Universally valid ground truth is almost impossible to obtain or would come at a very high cost. For supervised learning without universally valid ground truth, a recommended approach is applying crowdsourcing: Gathering a large data set annotated by multiple individuals of varying possibly expertise levels and inferring the ground truth data to be used as labels to train the classifier. Nevertheless, due to the sensitivity of the problem at hand (e.g. mitosis detection in breast cancer histology images), the obtained data needs verification and proper assessment before being used for classifier training. Even in the context of organic computing systems, an indisputable ground truth might not always exist. Therefore, it should be inferred through the aggregation and verification of the local knowledge of each autonomous agent.
Machine Learning (ML) is increasingly applied in real-life scenarios, raising concerns about bias in automatic decision making. We focus on bias as a notion of opinion exclusion, that stems from the direct application of traditional ML pipelines to infer subjective properties. We argue that such ML systems should be evaluated with subjectivity and bias in mind. Considering the lack of evaluation standards yet to create evaluation benchmarks, we propose an initial list of specifications to define prior to creating evaluation datasets, in order to later accurately evaluate the biases. With the example of a sentence toxicity inference system, we illustrate how the specifications support the analysis of biases related to subjectivity. We highlight difficulties in instantiating these specifications and list future work for the crowdsourcing community to help the creation of appropriate evaluation datasets.
Allowing members of the crowd to propose novel microtasks for one another is an effective way to combine the efficiencies of traditional microtask work with the inventiveness and hypothesis generation potential of human workers. However, microtask proposal leads to a growing set of tasks that may overwhelm limited crowdsourcer resources. Crowdsourcers can employ methods to utilize their resources efficiently, but algorithmic approaches to efficient crowdsourcing generally require a fixed task set of known size. In this paper, we introduce *cost forecasting* as a means for a crowdsourcer to use efficient crowdsourcing algorithms with a growing set of microtasks. Cost forecasting allows the crowdsourcer to decide between eliciting new tasks from the crowd or receiving responses to existing tasks based on whether or not new tasks will cost less to complete than existing tasks, efficiently balancing resources as crowdsourcing occurs. Experiments with real and synthetic crowdsourcing data show that cost forecasting leads to improved accuracy. Accuracy and efficiency gains for crowd-generated microtasks hold the promise to further leverage the creativity and wisdom of the crowd, with applications such as generating more informative and diverse training data for machine learning applications and improving the performance of user-generated content and question-answering platforms.
We consider the problem of optimal budget allocation for crowdsourcing problems, allocating users to tasks to maximize our final confidence in the crowdsourced answers. Such an optimized worker assignment method allows us to boost the efficacy of any popular crowdsourcing estimation algorithm. We consider a mutual information interpretation of the crowdsourcing problem, which leads to a stochastic subset selection problem with a submodular objective function. We present experimental simulation results which demonstrate the effectiveness of our dynamic task allocation method for achieving higher accuracy, possibly requiring fewer labels, as well as improving upon a previous method which is sensitive to the proportion of users to questions.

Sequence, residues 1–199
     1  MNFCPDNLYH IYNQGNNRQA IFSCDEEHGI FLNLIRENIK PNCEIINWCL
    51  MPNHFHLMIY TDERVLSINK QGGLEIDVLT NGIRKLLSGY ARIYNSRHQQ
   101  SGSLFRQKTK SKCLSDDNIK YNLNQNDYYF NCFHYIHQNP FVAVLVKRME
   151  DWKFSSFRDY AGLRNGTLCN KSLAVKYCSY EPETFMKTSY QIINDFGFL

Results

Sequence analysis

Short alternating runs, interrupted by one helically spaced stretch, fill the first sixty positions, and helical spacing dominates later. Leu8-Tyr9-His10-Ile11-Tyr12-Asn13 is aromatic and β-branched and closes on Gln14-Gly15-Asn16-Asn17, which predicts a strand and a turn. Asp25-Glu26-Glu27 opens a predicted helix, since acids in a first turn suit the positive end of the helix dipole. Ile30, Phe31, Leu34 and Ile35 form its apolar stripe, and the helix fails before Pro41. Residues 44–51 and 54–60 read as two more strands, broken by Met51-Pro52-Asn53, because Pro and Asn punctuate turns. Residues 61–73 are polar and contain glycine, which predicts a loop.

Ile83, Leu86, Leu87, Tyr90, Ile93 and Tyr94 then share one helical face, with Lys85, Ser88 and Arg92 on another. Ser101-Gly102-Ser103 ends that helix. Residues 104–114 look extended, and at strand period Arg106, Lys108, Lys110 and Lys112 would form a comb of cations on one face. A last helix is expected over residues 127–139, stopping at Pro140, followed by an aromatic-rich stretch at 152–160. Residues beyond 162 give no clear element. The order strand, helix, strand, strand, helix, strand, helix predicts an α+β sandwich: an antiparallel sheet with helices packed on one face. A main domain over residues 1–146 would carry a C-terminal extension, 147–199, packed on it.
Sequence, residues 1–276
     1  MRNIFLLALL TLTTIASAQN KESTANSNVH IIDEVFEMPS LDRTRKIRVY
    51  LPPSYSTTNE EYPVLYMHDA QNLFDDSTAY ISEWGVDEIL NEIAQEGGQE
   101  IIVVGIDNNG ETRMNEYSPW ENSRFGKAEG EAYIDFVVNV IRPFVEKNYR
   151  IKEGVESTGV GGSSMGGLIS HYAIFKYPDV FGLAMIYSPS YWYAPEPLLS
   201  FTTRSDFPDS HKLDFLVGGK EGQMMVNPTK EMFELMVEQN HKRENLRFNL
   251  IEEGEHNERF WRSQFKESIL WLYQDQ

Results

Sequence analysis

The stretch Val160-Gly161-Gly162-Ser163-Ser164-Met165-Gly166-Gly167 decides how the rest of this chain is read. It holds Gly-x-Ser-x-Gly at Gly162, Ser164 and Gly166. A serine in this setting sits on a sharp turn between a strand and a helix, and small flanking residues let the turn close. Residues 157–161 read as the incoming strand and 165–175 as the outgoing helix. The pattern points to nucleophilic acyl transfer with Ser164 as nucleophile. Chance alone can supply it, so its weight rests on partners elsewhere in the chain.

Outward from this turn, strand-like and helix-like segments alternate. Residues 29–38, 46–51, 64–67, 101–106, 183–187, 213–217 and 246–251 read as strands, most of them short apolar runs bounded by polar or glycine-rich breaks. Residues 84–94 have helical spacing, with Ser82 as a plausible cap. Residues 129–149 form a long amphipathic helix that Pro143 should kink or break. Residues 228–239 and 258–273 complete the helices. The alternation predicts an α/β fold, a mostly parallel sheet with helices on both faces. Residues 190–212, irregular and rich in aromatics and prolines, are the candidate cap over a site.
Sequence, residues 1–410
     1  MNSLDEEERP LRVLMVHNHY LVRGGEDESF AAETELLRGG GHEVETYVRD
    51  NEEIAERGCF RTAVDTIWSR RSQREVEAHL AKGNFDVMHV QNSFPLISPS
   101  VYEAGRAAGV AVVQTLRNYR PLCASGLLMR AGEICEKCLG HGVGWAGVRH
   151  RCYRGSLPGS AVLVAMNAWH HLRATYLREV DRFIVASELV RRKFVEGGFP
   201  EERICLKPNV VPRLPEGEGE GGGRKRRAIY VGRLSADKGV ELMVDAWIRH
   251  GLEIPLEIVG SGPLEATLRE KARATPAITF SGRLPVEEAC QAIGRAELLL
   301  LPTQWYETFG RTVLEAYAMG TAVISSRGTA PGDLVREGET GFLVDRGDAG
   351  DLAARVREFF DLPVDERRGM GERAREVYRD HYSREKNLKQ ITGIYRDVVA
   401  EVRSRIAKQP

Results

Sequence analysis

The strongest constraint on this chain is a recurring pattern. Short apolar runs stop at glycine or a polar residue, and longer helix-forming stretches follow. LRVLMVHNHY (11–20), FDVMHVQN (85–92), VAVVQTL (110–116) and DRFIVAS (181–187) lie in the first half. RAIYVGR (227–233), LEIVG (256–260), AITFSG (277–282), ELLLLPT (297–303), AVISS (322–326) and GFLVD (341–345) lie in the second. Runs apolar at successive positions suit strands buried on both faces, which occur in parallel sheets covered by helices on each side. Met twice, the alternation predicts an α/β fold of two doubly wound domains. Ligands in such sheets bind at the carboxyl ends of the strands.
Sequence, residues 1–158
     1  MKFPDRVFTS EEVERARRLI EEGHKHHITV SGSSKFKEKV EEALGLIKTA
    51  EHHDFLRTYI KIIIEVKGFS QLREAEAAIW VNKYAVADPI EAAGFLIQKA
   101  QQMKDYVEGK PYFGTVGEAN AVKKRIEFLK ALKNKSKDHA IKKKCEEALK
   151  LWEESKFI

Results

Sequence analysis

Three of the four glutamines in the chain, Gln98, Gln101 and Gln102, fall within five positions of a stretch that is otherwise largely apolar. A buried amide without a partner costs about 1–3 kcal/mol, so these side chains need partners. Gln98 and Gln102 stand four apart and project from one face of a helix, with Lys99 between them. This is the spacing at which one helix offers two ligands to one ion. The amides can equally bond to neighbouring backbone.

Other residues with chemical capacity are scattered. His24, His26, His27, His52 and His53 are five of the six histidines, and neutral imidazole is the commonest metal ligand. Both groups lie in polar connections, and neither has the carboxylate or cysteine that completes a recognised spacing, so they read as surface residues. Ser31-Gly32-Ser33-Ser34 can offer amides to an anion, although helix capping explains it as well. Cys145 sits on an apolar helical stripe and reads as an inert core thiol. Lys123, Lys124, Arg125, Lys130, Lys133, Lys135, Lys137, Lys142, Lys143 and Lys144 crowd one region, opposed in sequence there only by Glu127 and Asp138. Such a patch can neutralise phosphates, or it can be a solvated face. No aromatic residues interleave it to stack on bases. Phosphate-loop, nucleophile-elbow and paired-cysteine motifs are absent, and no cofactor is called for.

Online crowdsourcing provides a scalable and inexpensive means to collect knowledge (e.g. labels) about various types of data items (e.g. text, audio, video). However, it is also known to result in large variance in the quality of recorded responses which often cannot be directly used for training machine learning systems. To resolve this issue, a lot of work has been conducted to control the response quality such that low-quality responses cannot adversely affect the performance of the machine learning systems. Such work is referred to as the quality control for crowdsourcing. Past quality control research can be divided into two major branches: quality control mechanism design and statistical models. The first branch focuses on designing measures, thresholds, interfaces and workflows for payment, gamification, question assignment and other mechanisms that influence workers' behaviour. The second branch focuses on developing statistical models to perform effective aggregation of responses to infer correct responses. The two branches are connected as statistical models (i) provide parameter estimates to support the measure and threshold calculation, and (ii) encode modelling assumptions used to derive (theoretical) performance guarantees for the mechanisms. There are surveys regarding each branch but they lack technical details about the other branch. Our survey is the first to bridge the two branches by providing technical details on how they work together under frameworks that systematically unify crowdsourcing aspects modelled by both of them to determine the response quality. We are also the first to provide taxonomies of quality control papers based on the proposed frameworks. Finally, we specify the current limitations and the corresponding future directions for the quality control research.